Private Cloud Deployments: Top 8 Planning Requirements

A private cloud arrangement can help your IT staff reinvent how they think about management.

By Stephen Elliot, CIO |  On-demand Software, private cloud

Virtualization is understood as one of the key building blocks for private clouds. As a dynamic technology that enables IT organizations to reinvent how they think about management, it has the potential to make some things easier or make all things harder. Silo buying, heterogeneity, politics, poor integrations, and immature management tools can inhibit virtualization's full value.

IT leadership must address these challenges in order to set the stage for private cloud deployments, which many pundits forecast as the foundation for business growth in the next decade. Based on many customer conversations, we have compiled the top eight requirements for successful deployments of private clouds. These considerations enable IT to deliver business growth and contain costs, getting more from people, processes, and technologies.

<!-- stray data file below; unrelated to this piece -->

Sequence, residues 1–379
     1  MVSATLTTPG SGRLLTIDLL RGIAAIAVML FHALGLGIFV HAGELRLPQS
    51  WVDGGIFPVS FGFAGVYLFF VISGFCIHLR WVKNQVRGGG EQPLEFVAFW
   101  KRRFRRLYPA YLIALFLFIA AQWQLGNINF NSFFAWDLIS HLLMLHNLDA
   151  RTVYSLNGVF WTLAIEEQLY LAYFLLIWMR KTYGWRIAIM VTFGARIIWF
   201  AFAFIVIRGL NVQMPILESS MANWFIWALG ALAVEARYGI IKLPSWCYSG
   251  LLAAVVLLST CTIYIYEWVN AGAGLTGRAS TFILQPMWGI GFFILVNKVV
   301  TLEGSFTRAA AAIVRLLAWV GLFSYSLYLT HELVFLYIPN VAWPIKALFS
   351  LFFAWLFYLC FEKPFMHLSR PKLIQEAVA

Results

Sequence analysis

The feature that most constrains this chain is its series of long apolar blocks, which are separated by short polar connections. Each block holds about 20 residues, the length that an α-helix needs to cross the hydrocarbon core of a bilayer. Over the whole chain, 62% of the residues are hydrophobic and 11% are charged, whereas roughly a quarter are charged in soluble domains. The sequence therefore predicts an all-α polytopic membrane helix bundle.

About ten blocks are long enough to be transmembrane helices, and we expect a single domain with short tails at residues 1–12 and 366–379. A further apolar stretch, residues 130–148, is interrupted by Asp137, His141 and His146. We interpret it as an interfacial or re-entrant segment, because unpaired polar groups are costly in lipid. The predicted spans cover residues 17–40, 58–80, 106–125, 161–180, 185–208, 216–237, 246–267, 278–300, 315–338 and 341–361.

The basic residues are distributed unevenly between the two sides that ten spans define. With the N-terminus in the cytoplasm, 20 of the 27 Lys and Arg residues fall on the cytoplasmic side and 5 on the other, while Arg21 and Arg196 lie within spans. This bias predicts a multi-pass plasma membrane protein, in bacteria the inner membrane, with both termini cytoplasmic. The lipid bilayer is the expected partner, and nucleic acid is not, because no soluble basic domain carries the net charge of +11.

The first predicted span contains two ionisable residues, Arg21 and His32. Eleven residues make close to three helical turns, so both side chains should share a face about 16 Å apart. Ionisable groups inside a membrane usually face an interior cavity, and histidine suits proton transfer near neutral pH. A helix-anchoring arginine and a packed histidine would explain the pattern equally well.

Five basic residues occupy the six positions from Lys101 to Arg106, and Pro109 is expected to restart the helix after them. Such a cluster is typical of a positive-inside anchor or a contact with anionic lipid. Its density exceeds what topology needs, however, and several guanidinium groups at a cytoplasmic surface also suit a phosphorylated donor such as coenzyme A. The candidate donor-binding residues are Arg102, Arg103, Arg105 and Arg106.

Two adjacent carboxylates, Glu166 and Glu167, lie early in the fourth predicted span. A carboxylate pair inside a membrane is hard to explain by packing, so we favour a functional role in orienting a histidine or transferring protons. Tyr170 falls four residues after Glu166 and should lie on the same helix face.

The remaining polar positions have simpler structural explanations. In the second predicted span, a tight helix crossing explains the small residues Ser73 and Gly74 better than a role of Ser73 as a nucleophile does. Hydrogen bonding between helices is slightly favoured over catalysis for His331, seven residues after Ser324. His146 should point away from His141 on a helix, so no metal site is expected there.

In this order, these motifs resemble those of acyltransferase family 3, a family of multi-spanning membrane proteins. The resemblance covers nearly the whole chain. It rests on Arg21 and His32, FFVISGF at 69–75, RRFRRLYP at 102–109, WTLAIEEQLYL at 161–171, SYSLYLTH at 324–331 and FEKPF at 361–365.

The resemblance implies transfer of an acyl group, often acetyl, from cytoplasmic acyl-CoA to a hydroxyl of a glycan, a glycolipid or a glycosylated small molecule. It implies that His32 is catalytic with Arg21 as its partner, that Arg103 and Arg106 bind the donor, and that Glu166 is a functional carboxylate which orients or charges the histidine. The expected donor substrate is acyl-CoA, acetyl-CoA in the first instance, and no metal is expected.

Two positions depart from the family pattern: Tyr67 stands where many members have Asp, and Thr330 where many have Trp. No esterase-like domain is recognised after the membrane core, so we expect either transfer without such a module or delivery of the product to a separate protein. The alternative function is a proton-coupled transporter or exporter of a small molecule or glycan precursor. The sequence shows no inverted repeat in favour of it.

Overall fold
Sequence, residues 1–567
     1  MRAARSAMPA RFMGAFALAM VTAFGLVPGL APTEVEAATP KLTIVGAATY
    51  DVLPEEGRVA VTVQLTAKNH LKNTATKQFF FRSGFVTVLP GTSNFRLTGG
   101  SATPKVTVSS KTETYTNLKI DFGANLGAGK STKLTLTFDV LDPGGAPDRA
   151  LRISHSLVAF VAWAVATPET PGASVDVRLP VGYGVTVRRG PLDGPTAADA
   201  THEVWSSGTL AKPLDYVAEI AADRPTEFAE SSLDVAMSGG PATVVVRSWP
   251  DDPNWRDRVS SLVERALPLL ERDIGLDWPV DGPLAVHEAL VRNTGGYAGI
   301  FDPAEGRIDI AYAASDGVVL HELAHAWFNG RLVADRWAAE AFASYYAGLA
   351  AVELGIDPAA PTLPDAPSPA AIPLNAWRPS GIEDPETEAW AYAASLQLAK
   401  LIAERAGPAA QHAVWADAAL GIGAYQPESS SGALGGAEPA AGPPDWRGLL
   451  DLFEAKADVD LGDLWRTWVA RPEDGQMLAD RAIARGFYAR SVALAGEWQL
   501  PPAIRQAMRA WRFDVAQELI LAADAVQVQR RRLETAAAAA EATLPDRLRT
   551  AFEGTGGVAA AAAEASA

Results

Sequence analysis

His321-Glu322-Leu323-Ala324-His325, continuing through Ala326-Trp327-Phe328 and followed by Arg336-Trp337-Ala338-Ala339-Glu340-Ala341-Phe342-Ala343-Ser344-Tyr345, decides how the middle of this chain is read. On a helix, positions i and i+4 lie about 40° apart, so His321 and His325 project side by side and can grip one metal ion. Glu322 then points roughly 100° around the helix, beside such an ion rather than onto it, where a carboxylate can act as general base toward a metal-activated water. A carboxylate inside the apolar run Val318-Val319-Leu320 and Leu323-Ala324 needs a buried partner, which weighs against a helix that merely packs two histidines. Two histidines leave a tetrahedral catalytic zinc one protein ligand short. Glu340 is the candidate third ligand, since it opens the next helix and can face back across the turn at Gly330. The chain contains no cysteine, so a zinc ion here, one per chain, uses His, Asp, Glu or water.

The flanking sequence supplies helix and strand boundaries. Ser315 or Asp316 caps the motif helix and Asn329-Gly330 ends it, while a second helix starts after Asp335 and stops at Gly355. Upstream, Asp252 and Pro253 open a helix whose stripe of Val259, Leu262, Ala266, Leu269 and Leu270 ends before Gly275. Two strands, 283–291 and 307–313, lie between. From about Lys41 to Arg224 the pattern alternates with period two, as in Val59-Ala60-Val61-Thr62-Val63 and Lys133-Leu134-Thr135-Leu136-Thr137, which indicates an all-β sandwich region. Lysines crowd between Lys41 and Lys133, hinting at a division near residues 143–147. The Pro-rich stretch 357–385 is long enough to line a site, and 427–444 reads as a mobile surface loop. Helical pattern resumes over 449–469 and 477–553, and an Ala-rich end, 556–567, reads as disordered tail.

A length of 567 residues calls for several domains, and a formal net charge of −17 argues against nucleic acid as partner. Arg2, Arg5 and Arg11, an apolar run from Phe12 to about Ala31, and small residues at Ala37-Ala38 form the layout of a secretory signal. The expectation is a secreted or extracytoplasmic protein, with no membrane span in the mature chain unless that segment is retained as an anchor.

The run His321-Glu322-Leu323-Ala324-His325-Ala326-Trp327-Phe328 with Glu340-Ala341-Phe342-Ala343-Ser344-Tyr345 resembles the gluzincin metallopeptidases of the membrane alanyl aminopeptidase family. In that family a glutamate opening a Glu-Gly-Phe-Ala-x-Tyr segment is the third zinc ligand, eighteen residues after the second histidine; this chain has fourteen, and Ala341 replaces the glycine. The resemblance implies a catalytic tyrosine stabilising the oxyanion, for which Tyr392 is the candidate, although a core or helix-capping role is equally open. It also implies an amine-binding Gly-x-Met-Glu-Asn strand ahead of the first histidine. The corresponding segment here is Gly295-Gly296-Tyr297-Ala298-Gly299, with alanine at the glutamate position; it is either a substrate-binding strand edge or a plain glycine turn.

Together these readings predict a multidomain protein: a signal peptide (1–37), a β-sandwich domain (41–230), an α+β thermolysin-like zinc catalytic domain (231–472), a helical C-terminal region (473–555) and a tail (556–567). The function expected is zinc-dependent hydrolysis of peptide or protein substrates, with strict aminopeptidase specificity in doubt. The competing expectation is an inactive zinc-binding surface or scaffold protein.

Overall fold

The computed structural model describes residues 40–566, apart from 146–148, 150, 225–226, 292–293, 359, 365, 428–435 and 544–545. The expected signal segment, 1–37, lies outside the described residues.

1. Virtual Plus Physical Scalable Management

The integration of physical and virtual management is a key requirement to successfully deploying private clouds. Almost every IT organization is utilizing virtualization increasingly and starting to consider heterogeneous hypervisors. There is a growing need to have both "element" management and end-to-end "value" management that drive the need to use existing root-cause analytics, models-based management, integrated interfaces, and run book automation for both physical and virtual environments. Virtualization does not obviate the need for management; it makes it more critical, especially as cloud computing is based on real time compute pools and dynamic allocation models.

[For timely cloud computing news and expert analysis, see CIO.com's Cloud Computing Drilldown section. ]

2. Next Generation Architectures

Next generation data center architectures, such as Cisco Nexus virtual switches and the Cisco Unified Computing System will play a key role in enabling private clouds as they compress network, storage, and server connectivity into a single chassis. These architectures use virtualization and offer customers new management paradigms for configuration, automation, security, and application-aware problem resolution. Management of these systems must enable customers to get more from the virtual layer, delivering dynamic capacity management and business service visibility.

3. Policy-Based Management


Originally published on CIO |  Click here to read the original story.
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